The Purpose of Processed Foods

The Purpose of Processed Foods

As you enter the grocery store you can’t help but notice the processed foods that have become a standard in the American diet.  Have you ever wondered why we have processed food?  What led us to the point of isles and isles of processed foods to choose from?

Processing food started in prehistoric times because it was essential to decrease food spoilage and to have food during the year, especially during times of scarcity. Most food was processed at home with primary methods such bottling, drying, and salting foods.  Within the past 100 years food began to be processed on a large scale with the way food is processed continuing to evolve.  1.5 million years ago diet was mostly unprocessed plant foods. 700,000 years ago meat was added by cooking, drying, and smoking it. 10,000 years ago the agricultural revolution led to more grains and dairy. In the 19th century canning and milk pasteurization led to a longer shelf life. The 20th century led to refrigeration, freezing, dehydration, ultrahigh temperatures, vacuum packaging, and the addition of preservatives to add shelf life. The 21st century has lead to an increased reliance on commercially processed foods and globalization of the food supply.

Processed food includes anything that has been altered from the state it was harvested for better preservation.  Some confusion around processed food is how it’s defined. To process food means to use various mechanical or chemical operations that can be hard to understand.  Many food staples such as cheese, bread, wine are highly processed yet are often considered not “processed” by consumers.  Nutritional security (quality) and food security (quantity) both depend on food processing.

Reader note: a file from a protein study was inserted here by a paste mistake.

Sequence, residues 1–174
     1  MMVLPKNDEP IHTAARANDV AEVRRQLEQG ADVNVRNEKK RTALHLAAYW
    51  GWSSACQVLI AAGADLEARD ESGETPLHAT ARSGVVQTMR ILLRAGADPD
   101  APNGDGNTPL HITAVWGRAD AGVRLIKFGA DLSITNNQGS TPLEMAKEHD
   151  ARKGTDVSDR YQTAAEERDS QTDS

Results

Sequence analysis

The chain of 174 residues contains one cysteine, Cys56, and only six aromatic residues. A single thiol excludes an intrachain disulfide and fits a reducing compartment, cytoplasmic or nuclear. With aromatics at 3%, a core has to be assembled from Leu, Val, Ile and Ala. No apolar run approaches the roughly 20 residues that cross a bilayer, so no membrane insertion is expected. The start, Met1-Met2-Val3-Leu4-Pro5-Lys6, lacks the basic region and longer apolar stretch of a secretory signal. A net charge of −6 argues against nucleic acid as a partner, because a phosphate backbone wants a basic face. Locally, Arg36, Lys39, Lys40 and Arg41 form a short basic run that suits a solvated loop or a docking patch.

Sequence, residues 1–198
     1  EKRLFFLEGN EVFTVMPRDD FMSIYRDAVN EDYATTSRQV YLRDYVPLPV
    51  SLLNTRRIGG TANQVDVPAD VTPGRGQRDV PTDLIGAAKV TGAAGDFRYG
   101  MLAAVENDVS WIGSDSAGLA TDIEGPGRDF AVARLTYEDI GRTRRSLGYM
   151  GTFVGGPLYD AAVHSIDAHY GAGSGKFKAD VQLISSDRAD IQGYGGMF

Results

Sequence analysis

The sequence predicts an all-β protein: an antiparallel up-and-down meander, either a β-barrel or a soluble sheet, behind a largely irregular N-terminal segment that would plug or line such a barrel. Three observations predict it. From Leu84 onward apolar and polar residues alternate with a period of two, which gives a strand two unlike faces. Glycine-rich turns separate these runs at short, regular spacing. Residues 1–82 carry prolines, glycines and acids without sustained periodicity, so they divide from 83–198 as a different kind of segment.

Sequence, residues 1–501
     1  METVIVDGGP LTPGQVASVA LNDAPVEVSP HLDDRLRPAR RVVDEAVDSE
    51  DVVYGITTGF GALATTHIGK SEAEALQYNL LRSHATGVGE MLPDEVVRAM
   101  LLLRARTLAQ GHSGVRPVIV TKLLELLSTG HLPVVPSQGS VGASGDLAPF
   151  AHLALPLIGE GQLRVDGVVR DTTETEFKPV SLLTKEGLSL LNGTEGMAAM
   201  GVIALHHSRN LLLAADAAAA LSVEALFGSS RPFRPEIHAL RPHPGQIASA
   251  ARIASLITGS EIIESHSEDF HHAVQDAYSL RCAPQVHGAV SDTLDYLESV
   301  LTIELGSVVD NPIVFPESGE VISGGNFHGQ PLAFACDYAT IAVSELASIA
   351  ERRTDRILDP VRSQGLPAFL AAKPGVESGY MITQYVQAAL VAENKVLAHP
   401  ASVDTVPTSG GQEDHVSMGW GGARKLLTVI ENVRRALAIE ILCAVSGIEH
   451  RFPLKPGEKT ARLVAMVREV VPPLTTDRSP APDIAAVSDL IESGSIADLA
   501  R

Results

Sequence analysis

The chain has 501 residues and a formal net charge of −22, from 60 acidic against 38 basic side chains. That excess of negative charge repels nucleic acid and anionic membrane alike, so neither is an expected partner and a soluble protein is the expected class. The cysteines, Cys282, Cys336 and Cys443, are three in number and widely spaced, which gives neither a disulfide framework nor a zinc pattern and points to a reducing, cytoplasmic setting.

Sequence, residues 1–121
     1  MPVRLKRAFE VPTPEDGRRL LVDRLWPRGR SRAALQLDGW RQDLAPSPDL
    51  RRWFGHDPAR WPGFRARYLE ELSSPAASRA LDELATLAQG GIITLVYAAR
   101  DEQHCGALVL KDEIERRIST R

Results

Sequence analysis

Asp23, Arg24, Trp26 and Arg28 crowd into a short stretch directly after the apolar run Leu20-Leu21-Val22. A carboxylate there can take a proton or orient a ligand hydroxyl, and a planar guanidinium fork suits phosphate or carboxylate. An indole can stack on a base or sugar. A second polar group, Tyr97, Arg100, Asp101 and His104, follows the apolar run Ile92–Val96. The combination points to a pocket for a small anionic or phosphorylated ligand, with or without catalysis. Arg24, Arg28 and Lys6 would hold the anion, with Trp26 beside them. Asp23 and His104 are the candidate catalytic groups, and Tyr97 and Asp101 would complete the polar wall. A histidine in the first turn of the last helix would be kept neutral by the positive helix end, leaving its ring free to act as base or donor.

Processing food is important for food security, or the availability of food.  As the shelf life of food is extended through various forms of processing it leads to an increase in the availability of food during all months of the year.  It is especially important for countries that are undernourished.  One-sixth of the world is under- or malnourished.  Processed foods could aid in helping those countries receive the nutrition they need.  On the other hand since 2006 the prevalence of over nutrition related disease has surpassed that of under nutrition.  Obesity rates have been growing.  This is in part to the increased consumption of highly processed foods on a regular basis. Due to hydrogenation, many processed food contain trans fat. Unhealthy trans fat can be damaging to the heart leading to heart disease and obesity.  Up to 75% of Americans’ daily sodium intake comes from processed foods and restaurants.  Increased sodium in the diet may increase blood pressure leading to stroke and heart disease.  It is a definite challenge to increase food security while at the same time decreasing noncommunicable disease that are caused by diets with high amounts of processed foods.

The way food is processed will continue to evolve as time goes on and hopefully increase in nutritional quality. There are now low sodium canned food options.  Through enrichment and fortification of processed food nutrients can be added that would otherwise be deficient. For example fortification of milk with vitamin D and enrichment of cereal with B vitamins and iron.  Processed foods have an important role for increasing food security, but it shouldn’t be the only thing in our diets.  When processed food is consumed inappropriately and in high volumes it may be detrimental to health and can lead to obesity and diabetes.  It’s important to balance the diet with fresh foods which contain higher nutrient content.

Source: Am J Clin Nutr 2014 99: 6 1525-1542

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